But the musical characterization doesn’t end with the human characters. Even the comet itself has a voice all its own. Spoiler alert, but my favorite moment of the experience came during “The Great Comet of 1812,” at the very end of the show. During a moment of enlightenment, there is a subtle rise as an angelic chorus joins Pierre, gazing at the comet. At first, I didn’t know where the voices were coming from: Normally the ensemble cast and accompanying musicians are clearly visible. But as the lights changed and the voices became stronger, I realized that the cast members were strategically sprinkled throughout the audience, harmonizing from lone seats around the entire theatre. It was a rapturous moment of beauty that I will never forget.

A Cast of Friends

While some ensemble casts are just part of the background, at “The Great Comet,” they’re not just in the foreground — they’re on the main stage, in the orchestra and the mezzanine.  There truly isn’t a bad seat in the house, because no matter where you sit, the cast will be there. Before the principals came out, we were welcomed by the lively cast with dumplings, the first taste of how interactive the show would be. From then on, more and more characters swung by to interact with us — whether it was passing out handwritten love letters, egg shakers, or Dolokhov asking my mom to hold his guitar so he could go dance. We were uniquely connected to the show from every angle.

A sign from the inside of the Imperial Theatre featuring the cast of Natasha, Pierre and the Great Comet of 1812 in alphabetical order.

So, back to the beginning. The cast members who passed out dumplings to our section hyped us up, so we felt like we knew them as the show went on. They’re more than just background singers and dancers. The talent is through the roof, as part of the ensemble is actually the orchestra. Throughout the show, they’re running around, dancing and playing instruments. And I don’t mean “playing” instruments just for appearances. They are part of creating the music that fills the entire theatre. Not to mention the Principals who also play tunes in between singing. Josh Groban’s Pierre switched back and forth between the accordion and the piano, Lucas Steele as Anatole played the violin and Nick Choksi joined in on the guitar as Dolokhov. The skill and talent of the cast is unbelievably boundless and you can tell that they put their heart and soul into it every night.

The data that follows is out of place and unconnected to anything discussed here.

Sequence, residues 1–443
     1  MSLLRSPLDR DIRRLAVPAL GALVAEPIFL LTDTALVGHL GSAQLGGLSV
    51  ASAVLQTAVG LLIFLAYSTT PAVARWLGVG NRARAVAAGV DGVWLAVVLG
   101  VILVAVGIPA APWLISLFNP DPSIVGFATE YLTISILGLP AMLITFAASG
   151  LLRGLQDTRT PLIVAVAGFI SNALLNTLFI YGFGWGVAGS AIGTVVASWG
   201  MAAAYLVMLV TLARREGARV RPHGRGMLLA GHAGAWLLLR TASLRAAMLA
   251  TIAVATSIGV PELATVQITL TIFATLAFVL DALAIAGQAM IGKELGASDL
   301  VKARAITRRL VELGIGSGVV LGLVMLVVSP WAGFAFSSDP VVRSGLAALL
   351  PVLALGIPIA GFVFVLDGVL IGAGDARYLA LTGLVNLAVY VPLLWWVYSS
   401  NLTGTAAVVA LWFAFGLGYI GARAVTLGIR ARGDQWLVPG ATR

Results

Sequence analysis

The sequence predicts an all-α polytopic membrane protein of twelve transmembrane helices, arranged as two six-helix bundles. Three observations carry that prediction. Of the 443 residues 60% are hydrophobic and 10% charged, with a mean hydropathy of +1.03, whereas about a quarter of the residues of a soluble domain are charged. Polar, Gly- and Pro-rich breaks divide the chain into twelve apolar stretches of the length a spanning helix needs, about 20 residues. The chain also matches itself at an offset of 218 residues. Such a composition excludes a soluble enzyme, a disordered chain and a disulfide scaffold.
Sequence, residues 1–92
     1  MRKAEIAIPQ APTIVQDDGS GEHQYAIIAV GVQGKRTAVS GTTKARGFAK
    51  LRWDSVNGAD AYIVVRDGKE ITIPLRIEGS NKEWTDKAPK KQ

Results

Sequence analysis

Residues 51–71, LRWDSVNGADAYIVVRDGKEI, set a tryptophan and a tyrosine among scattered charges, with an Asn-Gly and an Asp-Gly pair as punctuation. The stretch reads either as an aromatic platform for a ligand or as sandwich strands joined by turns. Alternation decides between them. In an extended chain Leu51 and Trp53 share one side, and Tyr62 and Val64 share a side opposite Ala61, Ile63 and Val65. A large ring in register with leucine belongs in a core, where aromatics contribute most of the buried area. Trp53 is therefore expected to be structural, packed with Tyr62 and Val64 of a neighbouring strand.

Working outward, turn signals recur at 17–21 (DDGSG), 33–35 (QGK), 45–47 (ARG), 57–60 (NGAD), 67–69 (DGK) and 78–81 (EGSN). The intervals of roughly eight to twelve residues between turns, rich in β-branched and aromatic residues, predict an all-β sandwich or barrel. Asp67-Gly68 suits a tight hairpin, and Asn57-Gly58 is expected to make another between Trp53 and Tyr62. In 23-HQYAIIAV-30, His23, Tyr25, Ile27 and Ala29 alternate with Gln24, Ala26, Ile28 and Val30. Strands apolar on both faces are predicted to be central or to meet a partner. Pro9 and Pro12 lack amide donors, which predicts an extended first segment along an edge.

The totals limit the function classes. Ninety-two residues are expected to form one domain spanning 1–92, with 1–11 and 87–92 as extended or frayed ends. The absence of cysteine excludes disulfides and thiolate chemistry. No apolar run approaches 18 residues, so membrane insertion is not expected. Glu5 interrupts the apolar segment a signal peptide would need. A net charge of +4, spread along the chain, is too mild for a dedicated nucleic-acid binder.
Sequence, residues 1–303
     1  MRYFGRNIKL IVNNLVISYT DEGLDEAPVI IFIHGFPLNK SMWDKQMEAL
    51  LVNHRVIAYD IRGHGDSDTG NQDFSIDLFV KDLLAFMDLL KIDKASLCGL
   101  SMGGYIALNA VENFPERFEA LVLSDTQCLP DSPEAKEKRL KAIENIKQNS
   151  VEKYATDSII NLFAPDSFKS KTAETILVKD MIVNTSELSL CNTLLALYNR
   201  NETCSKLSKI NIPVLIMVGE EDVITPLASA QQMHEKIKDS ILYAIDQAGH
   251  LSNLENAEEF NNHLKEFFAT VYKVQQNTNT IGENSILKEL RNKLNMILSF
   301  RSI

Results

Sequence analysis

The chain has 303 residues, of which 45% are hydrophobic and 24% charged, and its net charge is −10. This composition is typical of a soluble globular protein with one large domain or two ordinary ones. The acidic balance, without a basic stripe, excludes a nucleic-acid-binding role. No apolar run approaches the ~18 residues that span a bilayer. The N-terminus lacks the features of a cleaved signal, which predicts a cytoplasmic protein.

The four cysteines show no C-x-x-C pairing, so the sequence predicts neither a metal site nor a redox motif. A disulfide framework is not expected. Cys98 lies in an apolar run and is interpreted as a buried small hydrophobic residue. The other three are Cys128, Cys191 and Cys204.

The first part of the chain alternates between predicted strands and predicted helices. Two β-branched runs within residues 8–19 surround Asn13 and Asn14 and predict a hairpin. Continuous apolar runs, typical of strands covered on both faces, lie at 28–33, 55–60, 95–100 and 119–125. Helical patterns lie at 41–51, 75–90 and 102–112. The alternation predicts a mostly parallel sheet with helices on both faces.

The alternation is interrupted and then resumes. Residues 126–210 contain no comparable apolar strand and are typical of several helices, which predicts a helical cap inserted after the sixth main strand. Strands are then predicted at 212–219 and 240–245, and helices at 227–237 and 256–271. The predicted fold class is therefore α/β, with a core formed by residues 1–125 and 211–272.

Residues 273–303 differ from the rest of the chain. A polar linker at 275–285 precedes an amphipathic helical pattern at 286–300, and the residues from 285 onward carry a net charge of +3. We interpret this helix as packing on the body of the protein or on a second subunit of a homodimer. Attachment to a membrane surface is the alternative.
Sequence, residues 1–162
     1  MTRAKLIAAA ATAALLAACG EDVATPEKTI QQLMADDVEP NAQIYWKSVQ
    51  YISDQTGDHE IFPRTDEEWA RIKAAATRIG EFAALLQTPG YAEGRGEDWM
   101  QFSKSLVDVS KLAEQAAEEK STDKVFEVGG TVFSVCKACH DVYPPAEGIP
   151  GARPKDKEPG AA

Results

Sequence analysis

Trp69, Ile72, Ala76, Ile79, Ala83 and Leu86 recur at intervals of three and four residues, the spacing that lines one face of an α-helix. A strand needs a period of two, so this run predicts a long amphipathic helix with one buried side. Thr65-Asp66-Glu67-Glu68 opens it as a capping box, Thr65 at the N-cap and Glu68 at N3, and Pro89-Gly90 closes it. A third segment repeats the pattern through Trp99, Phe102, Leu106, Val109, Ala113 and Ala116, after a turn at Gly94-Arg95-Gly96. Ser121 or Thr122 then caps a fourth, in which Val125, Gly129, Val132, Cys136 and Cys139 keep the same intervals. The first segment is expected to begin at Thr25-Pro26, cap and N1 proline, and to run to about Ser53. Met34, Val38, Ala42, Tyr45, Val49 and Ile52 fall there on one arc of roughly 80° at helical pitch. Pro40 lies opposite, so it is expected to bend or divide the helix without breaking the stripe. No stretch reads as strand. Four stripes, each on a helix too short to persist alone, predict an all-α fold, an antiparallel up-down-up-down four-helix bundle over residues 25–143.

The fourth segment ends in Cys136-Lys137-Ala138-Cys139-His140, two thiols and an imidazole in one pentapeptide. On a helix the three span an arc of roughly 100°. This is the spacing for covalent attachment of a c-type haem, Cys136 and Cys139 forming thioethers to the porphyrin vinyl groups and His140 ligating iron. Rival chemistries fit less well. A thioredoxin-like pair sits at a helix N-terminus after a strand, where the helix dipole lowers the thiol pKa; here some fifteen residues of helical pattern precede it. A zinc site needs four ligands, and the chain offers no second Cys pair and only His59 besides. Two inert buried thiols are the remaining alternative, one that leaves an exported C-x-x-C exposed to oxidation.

From our banquet seats on the stage, we had a great view of even more intimate audience interactions. Natasha (shoutout to the Central Florida native Denée Benton, pictured above at stage door) and Mary squeezed in between patrons sitting at a little bistro table, while Anatole leaned into an audience member as part of a “Russian custom.” It’s a surprise every night as you never know how the audience will react to the action being so close. I feel like you could see the show ten times and have a different experience because you’ll be interacting with and seeing actors from new vantage points every time.

I could go on and on about why I love this musical. The more I listen to it, the more I enjoy it. Even if you can’t make it out to New York to see the show, give the album a listen and appreciate the unique mix of Russian folk music with just about every other genre imaginable. Bringing Josh Groban’s fan base to the show crossed so many barriers and introduced countless people from far and wide to a new perspective on musical theatre, including this gal right here. With innovative shows like “The Great Comet” as a new standard, I can’t wait to see what else theatre has to offer us in the years to come. If you can’t see Josh Groban before he takes his bow on July 2, don’t fear. Hamilton’s Okieriete “Oak” Onaodowan will take over as Pierre on July 3. Tickets are available online through Telecharge.